By Amy Kaufman
2:20 PM CDT, April 22, 2013
After Joseph Gordon-Levitt’s directorial debut, “Don Jon,” premiered at the Sundance Film Festival in January, festivalgoers questioned whether the pornography-laden version of the movie would make it to theaters intact.
The initial cut, starring Gordon-Levitt as a New Jersey lothario whose porn addiction begins to interfere with his romantic life, was filled with sexually explicit footage. While the actor’s character didn’t engage in particularly graphic sex, he was often seen watching online porn rife with fake breasts, bare behinds and exotic sexual positions. Many who saw the picture wondered whether the Motion Picture Assn. of America would assign the movie an R rating if some of the raciest bits were not edited out.
It turns out that some of those moments have been excised from the film’s final cut -- though Gordon-Levitt wouldn’t say whether the move was made to appease the ratings board.
“The Sundance cut was us pushing it past where it really ought to be, and I think it was sort of distracting for audiences,” the actor said last week in Las Vegas at CinemaCon, where he was given the Breakthrough Filmmaker of the Year Award by the conference for movie theater owners. “People came away feeling like, ‘Oh, this is a movie about porn,’ and I was like, ‘No, it’s not a movie about that at all.’ I think because those images were so strong, they were leaving a heavier impression than I wanted them to.”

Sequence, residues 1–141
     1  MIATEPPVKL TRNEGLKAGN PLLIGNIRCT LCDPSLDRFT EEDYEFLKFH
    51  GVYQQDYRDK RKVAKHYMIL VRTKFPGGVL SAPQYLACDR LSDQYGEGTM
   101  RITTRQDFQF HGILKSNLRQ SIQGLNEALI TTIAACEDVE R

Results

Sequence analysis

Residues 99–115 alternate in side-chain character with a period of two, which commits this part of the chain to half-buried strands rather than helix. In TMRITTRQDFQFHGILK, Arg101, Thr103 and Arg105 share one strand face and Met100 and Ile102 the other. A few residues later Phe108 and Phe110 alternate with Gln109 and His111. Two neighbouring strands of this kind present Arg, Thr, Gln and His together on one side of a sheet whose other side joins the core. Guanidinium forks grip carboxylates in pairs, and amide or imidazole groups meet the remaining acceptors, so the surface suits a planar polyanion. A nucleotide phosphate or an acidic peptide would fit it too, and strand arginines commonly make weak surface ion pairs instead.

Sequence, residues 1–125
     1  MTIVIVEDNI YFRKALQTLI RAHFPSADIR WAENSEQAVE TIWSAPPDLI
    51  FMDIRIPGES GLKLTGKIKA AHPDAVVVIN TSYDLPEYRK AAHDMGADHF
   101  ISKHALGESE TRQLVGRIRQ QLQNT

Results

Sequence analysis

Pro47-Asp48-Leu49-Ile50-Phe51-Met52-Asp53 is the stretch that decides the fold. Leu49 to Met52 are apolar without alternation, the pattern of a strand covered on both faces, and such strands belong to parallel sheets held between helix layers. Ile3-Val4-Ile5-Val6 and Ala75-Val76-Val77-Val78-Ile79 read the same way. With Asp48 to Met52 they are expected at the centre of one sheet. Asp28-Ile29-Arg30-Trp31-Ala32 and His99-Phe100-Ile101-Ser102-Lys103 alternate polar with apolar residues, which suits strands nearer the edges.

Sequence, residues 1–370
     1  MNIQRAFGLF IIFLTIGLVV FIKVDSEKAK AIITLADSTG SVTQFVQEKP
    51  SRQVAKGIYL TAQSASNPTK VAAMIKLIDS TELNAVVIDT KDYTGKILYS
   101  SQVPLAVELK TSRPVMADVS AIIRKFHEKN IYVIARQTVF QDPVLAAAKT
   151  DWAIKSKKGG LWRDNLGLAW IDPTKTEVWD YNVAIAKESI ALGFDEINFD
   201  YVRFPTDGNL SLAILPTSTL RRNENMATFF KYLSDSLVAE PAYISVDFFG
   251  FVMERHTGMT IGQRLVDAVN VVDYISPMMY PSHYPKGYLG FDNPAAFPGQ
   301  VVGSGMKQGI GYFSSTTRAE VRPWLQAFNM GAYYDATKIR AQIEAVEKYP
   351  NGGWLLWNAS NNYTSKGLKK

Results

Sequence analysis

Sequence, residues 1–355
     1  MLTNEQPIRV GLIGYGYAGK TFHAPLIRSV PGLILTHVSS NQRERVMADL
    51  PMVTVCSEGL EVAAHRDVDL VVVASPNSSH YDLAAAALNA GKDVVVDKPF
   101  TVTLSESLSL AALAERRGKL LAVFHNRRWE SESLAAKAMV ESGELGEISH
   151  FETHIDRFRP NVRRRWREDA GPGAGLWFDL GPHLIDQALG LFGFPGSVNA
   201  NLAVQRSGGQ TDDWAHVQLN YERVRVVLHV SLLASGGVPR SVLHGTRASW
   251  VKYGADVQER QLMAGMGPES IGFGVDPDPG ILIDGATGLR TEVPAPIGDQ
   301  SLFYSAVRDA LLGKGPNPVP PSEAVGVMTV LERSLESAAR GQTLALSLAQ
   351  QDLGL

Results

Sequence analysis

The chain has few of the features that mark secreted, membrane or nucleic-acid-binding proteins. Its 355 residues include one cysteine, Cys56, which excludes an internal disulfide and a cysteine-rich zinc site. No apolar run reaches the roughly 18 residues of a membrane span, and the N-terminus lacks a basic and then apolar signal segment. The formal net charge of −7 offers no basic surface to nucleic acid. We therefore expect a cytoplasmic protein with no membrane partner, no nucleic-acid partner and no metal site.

Accordingly, the 32-year-old said, he chose different sections of the porn included, or cropped the existing footage closer to make it less graphic. No time, lines or story points were cut out, he said.
“The movie didn’t change in any substantial ways, other than those percussive moments of pornography are a little less sexually explicit and graphic,” he said.
After Relativity Media purchased “Don Jon” at the Park City, Utah, festival for about $4 million, the independent distributor initially planned to release the picture this summer. But Relativity said earlier this month that the film would hit theaters Oct. 18.
The actor-director called release dates “fluid things” and said he just hoped the film was a movie “that a lot of people see... I’m really excited that it’s going to come out and get a wide release.”
He made the film, he said, not only to engender laughter but also to inspire discussion about the ways in which porn influences men’s perception of women.
“If you hang out with guys talking about women, it can be pretty brutal and pretty dehumanizing,” he said. “On the one hand, I think it’s sort of [messed] up, and on the other, I think it’s hilarious. That’s why I made a movie about it.”
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